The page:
Tag Archives: poems about the world wide web

#236: Media Fast, Anyone?


I cannot help it.
I can’t look away.
It’s a train wreck,
a complete cluster,
and every morning
begins with the same

What’s the outrage of the day?

And now that I’m on
a holiday break I’ve got
something like free time
to keep checking in on
the downfall of my

I think I need to stop.

While it might make me
more informed, this incessant
checking of the news, it does
nothing for my present
happiness. I remember a
time, about 16 years ago,
before Facebook was a thing,
when I took a break from watching
the news. I perused the paper
at work so as not to live
completely under a rock,
but I spared myself from
the pictures and the talking
heads and the bullshit
advertisements, and I think,
for awhile, it made me feel
better, smarter even, and
certainly, less anxious.

It might be possible to skip
the stuff that makes me anxious
and only do those social things
that are pleasurable or that
create connection with loved ones,
but even these things, as
necessary as they sometimes feel,
can drive me a little drunk
with dependence.

The power and the influence
of the internet has changed
everything. It’s a bombardment
of the senses and its making
me, I fear, senseless.

So I am entertaining the idea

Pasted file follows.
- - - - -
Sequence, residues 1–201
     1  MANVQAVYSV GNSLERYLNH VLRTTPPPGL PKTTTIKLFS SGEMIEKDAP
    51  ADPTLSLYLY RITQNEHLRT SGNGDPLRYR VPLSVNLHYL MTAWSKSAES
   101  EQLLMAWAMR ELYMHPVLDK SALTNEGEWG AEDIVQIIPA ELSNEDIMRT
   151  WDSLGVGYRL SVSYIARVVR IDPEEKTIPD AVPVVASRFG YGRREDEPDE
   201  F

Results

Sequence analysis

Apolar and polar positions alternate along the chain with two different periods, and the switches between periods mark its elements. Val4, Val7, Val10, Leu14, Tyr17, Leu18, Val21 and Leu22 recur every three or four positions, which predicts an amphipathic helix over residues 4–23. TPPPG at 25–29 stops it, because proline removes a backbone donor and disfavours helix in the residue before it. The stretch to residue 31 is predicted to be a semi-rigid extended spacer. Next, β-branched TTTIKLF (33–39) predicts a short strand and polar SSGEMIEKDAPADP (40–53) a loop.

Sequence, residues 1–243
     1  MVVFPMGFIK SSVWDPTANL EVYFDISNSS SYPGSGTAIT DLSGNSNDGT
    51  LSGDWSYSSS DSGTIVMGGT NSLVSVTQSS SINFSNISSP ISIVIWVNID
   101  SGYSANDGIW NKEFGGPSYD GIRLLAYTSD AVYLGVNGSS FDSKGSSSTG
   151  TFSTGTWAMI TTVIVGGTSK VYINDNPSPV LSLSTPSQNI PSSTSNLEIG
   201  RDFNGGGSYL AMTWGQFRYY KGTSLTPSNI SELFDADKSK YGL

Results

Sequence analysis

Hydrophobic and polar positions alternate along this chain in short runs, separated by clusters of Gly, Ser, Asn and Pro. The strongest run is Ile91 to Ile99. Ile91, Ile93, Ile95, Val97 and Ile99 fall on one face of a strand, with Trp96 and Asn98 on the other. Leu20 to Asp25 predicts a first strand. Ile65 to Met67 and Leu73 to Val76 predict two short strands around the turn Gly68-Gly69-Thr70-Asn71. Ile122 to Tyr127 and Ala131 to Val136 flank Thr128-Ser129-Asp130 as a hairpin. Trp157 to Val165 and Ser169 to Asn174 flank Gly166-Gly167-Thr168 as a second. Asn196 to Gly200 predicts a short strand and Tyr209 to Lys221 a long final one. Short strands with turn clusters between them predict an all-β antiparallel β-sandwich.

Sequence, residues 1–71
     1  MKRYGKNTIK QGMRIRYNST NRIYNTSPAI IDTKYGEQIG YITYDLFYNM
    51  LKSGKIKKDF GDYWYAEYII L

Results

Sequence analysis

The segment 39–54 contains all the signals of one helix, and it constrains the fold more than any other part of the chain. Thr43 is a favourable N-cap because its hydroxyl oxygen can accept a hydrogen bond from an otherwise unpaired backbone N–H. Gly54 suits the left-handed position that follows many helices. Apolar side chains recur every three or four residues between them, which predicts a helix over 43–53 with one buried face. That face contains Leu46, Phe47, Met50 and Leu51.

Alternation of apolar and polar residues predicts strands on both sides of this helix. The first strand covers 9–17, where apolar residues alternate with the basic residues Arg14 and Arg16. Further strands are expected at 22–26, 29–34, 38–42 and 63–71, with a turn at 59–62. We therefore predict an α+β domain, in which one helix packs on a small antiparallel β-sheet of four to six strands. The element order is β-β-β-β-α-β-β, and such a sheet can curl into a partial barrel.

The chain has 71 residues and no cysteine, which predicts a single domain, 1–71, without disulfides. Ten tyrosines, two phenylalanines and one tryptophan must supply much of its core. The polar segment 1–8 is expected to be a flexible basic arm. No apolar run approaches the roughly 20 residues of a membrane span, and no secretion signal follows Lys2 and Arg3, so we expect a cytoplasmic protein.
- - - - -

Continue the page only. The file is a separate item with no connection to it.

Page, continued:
of a fast with little confidence
that I will be successful at its
implementation. I am thinking.

I am thinking.

And with me, that’s how it always
begins: a desire or a thought,
some words spoken or written,
a visualization in repetition,
and then finally an effort
to make something happen.
What mysterious gifts might
take the place of the ubiquitous web?
How long could I stay away?
What will I miss?  And will it matter?





Filed under Culture, Poetry, Self Reflection

#24: I Love and Hate You, O Internet


Because I could not find inspiration in today’s prompt from NaPoWriMo (a challenge to make an anagram poem from my name), I submit the following instead.  This is an animal called an apostrophe.  An apostrophe is a figure of speech that addresses an audience that cannot respond, either because it is a dead person, a faraway person, a bunch of people, an animal, or a thing.  Poets have been known to stretch out this particular figure of speech over an entire poem. Here is my apostrophe love/hate letter to the Mighty Interwebs:

I Love and Hate You, O Internet

O Internet,
I both love and hate you.
I love you because you have
made it possible for me
to cancel cable
and I hate you
because high speed internet
is more expensive than it should be
and all of that money goes
to the cable company.
I love you because
you give me any piece
of information I desire
for a few key strokes
followed by an emphatic
return.  I hate you for the rabbit
hole experience–the labyrinthine
loss of hours that the rabbit hole sometimes entails.
I hate you for free porn and
think you are changing the brains
of young men, not in a good way.
I hate you for your insecurities,
for your spam and your viruses,
for your predatory users,
for your ready use by corporations
as a weapon of influence against hapless
potential consumers.
Most everything I desire of late
is perhaps something I saw
or heard about or read about
in your infinite webs, and
I hate you for that.
And I love you for it, too,
because that’s where I found
my pants, my coat,
the bike of my dreams,
my new favorite band.
You bitch. You angel.
I cannot help but think
I would be a better man without you.
Go away.  Don’t go.
I hate you.  I love you.
I love you.  I hate you.


Filed under Poetry